The Home Coming of 'Rastus Smith by Paul Laurence Dunbar
There was a great commotion in that part of town which was known as
Little Africa, and the cause of it was not far to seek. Contrary to
the usual thing, this cause was not an excursion down the river, nor a
revival, baptising, nor an Emancipation Day celebration. None of these
was it that had aroused the denizens of Little Africa, and kept them
talking across the street from window to window, from door to door,
through alley gates, over backyard fences, where they stood
loud-mouthed and arms akimboed among laden clothes lines. No, the cause
of it all was that Erastus Smith, Aunt Mandy Smith's boy, who had gone
away from home several years before, and who, rumour said, had become a
great man, was coming back, and Little Africa, from Douglass Street
to Cat Alley, was prepared to be dazzled. So few of those who had been
born within the mile radius which was Little Africa went out into the
great world and came into contact with the larger humanity that when
one did he became a man set apart. And when, besides, he went into a
great city and worked for a lawyer whose name was known the country
over, the place of his birth had all the more reason to feel proud of
So there was much talk across the dirty little streets, and Aunt
Mandy's small house found itself all of a sudden a very popular resort.
The old women held Erastus up as an example to their sons. The old men
told what they might have done had they had his chance. The young men
cursed him, and the young girls giggled and waited.
It was about an hour before the time of the arrival of Erastus, and
the neighbours had thinned out one by one with a delicacy rather
surprising in them, in order that the old lady might be alone with her
boy for the first few minutes. Only one remained to help put the
finishing touches to the two little rooms which Mrs. Smith called home,
and to the preparations for the great dinner. The old woman wiped her
eyes as she said to her companion, Hit do seem a speshul blessin',
Lizy, dat I been spaihed to see dat chile once mo' in de flesh. He
sholy was mighty nigh to my hea't, an' w'en he went erway, I thought it
'ud kill me. But I kin see now dat hit uz all fu' de bes'. Think o'
'Rastus comin' home, er big man! Who'd evah 'specked dat?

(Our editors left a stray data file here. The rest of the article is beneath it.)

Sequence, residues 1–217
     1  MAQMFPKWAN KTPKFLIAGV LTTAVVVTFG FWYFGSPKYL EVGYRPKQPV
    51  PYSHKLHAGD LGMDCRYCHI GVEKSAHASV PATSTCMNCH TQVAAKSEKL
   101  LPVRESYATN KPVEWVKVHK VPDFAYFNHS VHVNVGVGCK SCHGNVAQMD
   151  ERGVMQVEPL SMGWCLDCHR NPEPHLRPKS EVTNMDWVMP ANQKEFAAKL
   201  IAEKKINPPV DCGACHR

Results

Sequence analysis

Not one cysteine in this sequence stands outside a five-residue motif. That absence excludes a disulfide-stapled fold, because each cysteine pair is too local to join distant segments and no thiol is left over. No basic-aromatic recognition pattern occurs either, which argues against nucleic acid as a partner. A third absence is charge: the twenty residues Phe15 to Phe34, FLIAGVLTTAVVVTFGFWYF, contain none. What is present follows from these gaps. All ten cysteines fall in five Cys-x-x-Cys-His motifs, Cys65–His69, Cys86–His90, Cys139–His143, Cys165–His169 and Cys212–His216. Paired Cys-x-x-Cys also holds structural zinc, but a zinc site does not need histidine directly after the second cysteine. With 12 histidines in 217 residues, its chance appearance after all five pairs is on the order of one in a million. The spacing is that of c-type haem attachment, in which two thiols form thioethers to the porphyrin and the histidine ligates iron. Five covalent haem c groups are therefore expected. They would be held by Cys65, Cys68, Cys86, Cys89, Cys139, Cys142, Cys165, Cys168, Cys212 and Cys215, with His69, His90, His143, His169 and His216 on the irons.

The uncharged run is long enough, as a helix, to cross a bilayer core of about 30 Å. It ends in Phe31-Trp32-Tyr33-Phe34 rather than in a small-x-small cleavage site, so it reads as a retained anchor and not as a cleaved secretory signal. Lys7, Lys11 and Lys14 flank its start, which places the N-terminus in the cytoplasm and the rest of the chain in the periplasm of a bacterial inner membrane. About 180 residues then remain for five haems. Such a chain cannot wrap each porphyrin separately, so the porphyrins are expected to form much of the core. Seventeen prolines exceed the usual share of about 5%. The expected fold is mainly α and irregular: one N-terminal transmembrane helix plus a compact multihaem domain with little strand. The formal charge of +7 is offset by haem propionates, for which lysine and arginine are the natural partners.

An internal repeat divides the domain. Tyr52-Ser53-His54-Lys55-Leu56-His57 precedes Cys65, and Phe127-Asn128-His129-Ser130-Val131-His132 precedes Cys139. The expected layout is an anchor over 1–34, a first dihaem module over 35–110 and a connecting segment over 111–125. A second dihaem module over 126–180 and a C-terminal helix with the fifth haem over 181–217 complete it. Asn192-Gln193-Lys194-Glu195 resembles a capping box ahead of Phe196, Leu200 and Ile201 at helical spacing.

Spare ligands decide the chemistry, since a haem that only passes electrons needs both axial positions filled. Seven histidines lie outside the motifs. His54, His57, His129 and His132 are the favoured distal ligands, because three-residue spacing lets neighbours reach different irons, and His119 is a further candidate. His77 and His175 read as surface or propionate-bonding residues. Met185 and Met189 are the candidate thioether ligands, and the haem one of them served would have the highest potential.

Law, Mis' Smif, you sholy is got reason to be mighty thankful. Des'
look how many young men dere is in dis town what ain't nevah been no
'count to dey pa'ents, ner anybody else.
Well, it's onexpected, Lizy, an' hit's 'spected. 'Rastus allus wuz
a wonnerful chil', an' de way he tuk to work an' study kin' o' promised
something f'om de commencement, an' I 'lowed mebbe he tu'n out a
Tush! yo' kin thank yo' stahs he didn't tu'n out no preachah.
Preachahs ain't no bettah den anybody else dese days. Dey des go roun'
tellin' dey lies an' eatin' de whiders an' orphins out o' house an'
Well, mebbe hit's bes' he didn' tu'n out dat way. But f'om de way
he used to stan' on de chaih an' 'zort w'en he was a little boy, I
thought hit was des what he 'ud tu'n out. O' co'se, being' in a law
office is des as pervidin', but somehow hit do seem mo' worl'y.
Didn't I tell you de preachahs is ez worldly ez anybody else?
Yes, yes, dat's right, but den 'Rastus, he had de eddication, fo'
he had gone thoo de Third Readah.
Just then the gate creaked, and a little brown-faced girl, with
large, mild eyes, pushed open the door and came shyly in.
Hyeah's some flowahs, Mis' Smif, she said. I thought mebbe you
might like to decorate 'Rastus's room, and she wiped the confusion
from her face with her apron.
La, chil', thankee. Dese is mighty pu'tty posies. These were the
laurels which Sally Martin had brought to lay at the feet of her
home-coming hero. No one in Cat Alley but that queer, quiet little girl
would have thought of decorating anybody's room with flowers, but she
had peculiar notions.
In the old days, when they were children, and before Erastus had
gone away to become great, they had gone up and down together along the
byways of their locality, and had loved as children love. Later, when
Erastus began keeping company, it was upon Sally that he bestowed his
affections. No one, not even her mother, knew how she had waited for
him all these years that he had been gone, few in reality, but so long
and so many to her.
And now he was coming home. She scorched something in the ironing
that day because tears of joy were blinding her eyes. Her thoughts were
busy with the meeting that was to be. She had a brand new dress for the
occasiona lawn, with dark blue dots, and a blue sashand there was a
new hat, wonderful with the flowers of summer, and for both of them she
had spent her hard-earned savings, because she wished to be radiant in
the eyes of the man who loved her.
Of course, Erastus had not written her; but he must have been busy,
and writing was hard work. She knew that herself, and realised it all
the more as she penned the loving little scrawls which at first she
used to send him. Now they would not have to do any writing any more;
they could say what they wanted to each other. He was coming home at
last, and she had waited long.
They paint angels with shining faces and halos, but for real
radiance one should have looked into the dark eyes of Sally as she sped
home after her contribution to her lover's reception.
When the last one of the neighbours had gone Aunt Mandy sat down to
rest herself and to await the great event. She had not sat there long
before the gate creaked. She arose and hastened to the window. A young
man was coming down the path. Was that 'Rastus? Could that be her
'Rastus, that gorgeous creature with the shiny shoes and the nobby suit
and the carelessly-swung cane? But he was knocking at her door, and she
opened it and took him into her arms.
Why, howdy, honey, howdy; hit do beat all to see you agin, a great
big, grown-up man. You're lookin' des' lak one o' de big folks up in
Erastus submitted to her endearments with a somewhat condescending
grace, as who should say, Well, poor old fool, let her go on this